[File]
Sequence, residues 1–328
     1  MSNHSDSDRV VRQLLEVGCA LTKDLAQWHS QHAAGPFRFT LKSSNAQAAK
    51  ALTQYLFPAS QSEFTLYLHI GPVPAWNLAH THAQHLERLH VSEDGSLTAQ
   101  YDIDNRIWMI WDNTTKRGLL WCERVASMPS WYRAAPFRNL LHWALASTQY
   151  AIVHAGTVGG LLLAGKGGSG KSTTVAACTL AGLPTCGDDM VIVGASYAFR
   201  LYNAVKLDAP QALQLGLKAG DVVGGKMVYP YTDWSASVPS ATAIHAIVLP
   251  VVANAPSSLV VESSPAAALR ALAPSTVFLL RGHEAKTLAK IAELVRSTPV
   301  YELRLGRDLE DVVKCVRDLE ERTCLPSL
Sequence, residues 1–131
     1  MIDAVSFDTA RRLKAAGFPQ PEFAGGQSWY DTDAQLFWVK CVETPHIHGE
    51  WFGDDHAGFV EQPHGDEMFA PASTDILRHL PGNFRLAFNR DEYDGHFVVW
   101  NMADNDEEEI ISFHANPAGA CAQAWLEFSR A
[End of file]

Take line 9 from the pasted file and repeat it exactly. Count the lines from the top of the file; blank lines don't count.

Sequence, residues 1–131